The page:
People forget just what dire straits Disney was in when it came to feature animation in the late 70s and early 80s. The rough, scratchy — and less expensive — look that had dominated their style since the mid-60s was still hanging on in all its dated glory. For every modest hit like a Rescuers or critical success like a Great Mouse Detective, there was a Black Cauldron or Oliver and Company. Then came the late-80s renaissance, and the Disney juggernaut was born again. But while Jeffrey Katzenberg gets a ton of credit for the turnaround, perhaps the smartest move Disney made was bringing in veteran composes Howard Ashman and Alan Menken. Because hands down some of the most enduring memories of Disney’s earlier classics were the songs, and Ashman and Menken added their own magic to the tradition. It’s something Disney’s more recent films seem to have forgotten, with serviceable but ultimately forgettable tunes becoming more and more prevalent. And it’s something Frozen restores to glory with all the roaring fury of a winter blizzard.
It doesn’t hurt to have veteran Broadway belter Idina Menzel on hand to lend her voice to the undoubted show-stopper of the film, “Let It Go.” Menzel’s no stranger to this; “Let It Go” bears more than a little resemblance to her “Defying Gravity” from Wicked, another song about a magical character taking fierce ownership of her destiny. It’s a soaring number that’s going to haunt high school drama teachers for years, because every girl is going to want to sing it at her audition. But it’s also an example of Frozen’s potent marriage of sight and sound, because while Menzel offers up the vocal fireworks, Disney’s animators throw in some astonishing work as Menzel’s Elsa builds her ice kingdom. The ice seems alive, all glistening angles and reflective surfaces. All of this is in service to a character moment rather than just empty spectacle — Elsa accepting who she is and all that comes with it — which makes the scene even more memorably effective.
The rest of the songs may not reach the same heights, but that’s simply because “Let It Go” sets such a high bar. Elsa’s sister Anna two killer songs of her own: the yearning “Do You Want to Build a Snowman?” which spotlights Anna’s increased loneliness at her sister’s isolation, and “For the First Time in Forever,” that recurs at a couple of revelatory moments in the film. What’s surprising about these songs is that it’s Kristen Bell singing them. I had no idea she had the pipes, but she holds her own with Menzel in their numbers together, carrying a bit of a Jodi Benson vibe with her. And while Josh Gad enormously gets under my skin in the flesh, his song by the snowman Olaf yearning for a summer day is a perfect bit of comic relief that owes a large part of its charm to the fantastic design and animation of the character. Again, it’s the marriage of sight and sound that make the film so potent.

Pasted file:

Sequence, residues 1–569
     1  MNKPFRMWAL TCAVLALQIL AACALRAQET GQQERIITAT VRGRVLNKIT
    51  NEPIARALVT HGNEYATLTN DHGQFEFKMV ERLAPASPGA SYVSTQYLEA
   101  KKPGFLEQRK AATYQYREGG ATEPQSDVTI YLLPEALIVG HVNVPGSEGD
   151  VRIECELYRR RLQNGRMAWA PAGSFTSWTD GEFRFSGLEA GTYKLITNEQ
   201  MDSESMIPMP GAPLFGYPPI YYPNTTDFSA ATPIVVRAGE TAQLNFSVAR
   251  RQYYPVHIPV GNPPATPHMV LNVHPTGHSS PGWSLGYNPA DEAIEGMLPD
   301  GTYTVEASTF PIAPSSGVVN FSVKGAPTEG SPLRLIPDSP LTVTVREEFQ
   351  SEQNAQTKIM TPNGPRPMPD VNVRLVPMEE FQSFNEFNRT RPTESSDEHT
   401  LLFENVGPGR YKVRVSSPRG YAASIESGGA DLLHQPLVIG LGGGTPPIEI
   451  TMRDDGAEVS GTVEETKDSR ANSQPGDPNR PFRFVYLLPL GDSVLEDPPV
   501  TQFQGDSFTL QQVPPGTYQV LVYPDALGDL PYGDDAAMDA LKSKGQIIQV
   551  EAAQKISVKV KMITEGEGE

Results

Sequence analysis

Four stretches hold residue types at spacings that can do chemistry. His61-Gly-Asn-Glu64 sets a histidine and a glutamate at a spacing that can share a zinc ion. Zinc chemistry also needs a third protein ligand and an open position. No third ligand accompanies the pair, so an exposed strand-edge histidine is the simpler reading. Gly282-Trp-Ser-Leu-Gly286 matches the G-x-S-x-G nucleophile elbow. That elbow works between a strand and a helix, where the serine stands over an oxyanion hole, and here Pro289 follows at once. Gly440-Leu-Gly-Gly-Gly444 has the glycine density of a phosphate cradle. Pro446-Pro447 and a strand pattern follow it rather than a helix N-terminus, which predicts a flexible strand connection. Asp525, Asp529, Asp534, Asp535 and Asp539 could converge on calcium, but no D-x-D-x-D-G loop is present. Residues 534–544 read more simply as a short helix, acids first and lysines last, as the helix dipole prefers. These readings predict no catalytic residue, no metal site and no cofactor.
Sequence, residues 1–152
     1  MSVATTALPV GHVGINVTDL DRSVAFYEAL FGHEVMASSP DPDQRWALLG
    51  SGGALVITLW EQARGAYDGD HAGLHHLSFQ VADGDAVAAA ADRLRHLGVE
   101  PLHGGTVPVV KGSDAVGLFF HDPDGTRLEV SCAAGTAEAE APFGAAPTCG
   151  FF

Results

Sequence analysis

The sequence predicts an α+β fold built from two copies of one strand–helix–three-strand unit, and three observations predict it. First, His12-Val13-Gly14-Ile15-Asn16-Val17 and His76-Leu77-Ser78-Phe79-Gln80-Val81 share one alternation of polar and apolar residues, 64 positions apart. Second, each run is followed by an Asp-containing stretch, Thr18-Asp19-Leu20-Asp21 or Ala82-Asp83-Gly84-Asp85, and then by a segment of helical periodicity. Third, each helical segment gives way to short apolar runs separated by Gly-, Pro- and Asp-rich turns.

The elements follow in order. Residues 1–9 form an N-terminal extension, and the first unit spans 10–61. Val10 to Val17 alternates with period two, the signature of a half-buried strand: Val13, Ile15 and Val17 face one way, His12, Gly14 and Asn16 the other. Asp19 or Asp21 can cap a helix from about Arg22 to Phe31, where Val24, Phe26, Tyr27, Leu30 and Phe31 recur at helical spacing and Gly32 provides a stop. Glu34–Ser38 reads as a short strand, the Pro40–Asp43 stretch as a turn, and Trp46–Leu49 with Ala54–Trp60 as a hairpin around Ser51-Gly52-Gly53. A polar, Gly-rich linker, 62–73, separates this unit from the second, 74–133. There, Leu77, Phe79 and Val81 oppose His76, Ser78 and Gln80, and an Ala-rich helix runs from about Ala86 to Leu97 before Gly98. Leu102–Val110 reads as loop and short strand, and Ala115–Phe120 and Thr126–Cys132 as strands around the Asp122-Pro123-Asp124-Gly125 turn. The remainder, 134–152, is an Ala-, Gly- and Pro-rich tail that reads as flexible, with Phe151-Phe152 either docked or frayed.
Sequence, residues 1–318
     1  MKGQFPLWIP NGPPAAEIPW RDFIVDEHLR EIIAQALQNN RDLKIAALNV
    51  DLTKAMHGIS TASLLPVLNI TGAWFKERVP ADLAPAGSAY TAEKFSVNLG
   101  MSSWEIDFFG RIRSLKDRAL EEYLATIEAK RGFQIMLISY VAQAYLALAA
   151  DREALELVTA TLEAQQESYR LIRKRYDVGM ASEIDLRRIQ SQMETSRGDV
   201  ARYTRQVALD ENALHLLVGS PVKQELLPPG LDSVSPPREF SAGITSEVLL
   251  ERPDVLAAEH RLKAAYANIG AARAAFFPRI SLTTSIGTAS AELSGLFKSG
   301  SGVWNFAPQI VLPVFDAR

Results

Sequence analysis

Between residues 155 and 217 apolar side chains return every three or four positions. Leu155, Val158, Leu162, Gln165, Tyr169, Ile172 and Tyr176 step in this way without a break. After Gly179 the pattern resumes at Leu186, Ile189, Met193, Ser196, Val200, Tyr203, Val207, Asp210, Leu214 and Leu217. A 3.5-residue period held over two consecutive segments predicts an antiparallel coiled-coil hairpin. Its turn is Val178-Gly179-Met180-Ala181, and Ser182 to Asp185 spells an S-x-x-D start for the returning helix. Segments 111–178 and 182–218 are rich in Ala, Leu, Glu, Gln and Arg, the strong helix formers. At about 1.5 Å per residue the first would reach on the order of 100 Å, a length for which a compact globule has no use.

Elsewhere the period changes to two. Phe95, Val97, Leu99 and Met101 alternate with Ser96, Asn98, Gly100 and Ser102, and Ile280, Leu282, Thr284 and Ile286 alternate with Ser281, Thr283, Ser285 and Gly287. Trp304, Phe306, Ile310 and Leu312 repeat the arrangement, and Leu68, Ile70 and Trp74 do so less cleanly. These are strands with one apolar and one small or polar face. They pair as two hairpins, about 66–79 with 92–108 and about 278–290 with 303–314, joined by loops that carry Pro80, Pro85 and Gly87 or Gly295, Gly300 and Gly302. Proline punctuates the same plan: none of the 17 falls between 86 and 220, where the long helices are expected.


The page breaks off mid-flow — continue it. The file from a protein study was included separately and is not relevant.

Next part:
Not that Frozen is just some long-form music video. There’s a real emotional core to the film in the form of the love between the two sisters, and it’s nice to see that as the focus rather than Disney’s traditional “a prince solves everything” formula. In fact, that particular trope is nicely turned on its head at several points throughout the film, including its climax. What I feared was on its way to being a rehash of Enchanted instead became something more poignant and thematically fitting. The film even tweaks the age-old “love at first sight” routine in a smart way, and throughout, it’s clear that these two princesses are strong, proactive young women who ultimately aren’t dependent on men for their agency or their happiness.
The audience at my viewing of Frozen was filled with kids happily bouncing up and down, and the film got an enthusiastic round of applause as the credits rolled. It’s a crowd-pleaser in the vein of The Little Mermaid and Beauty and the Beast, the films that kicked off the Disney renaissance the first time around. Given the quality on-screen and the reaction in front of it, Frozen may very well be kicking off a brand new renaissance. And Disney couldn’t ask for a finer blueprint.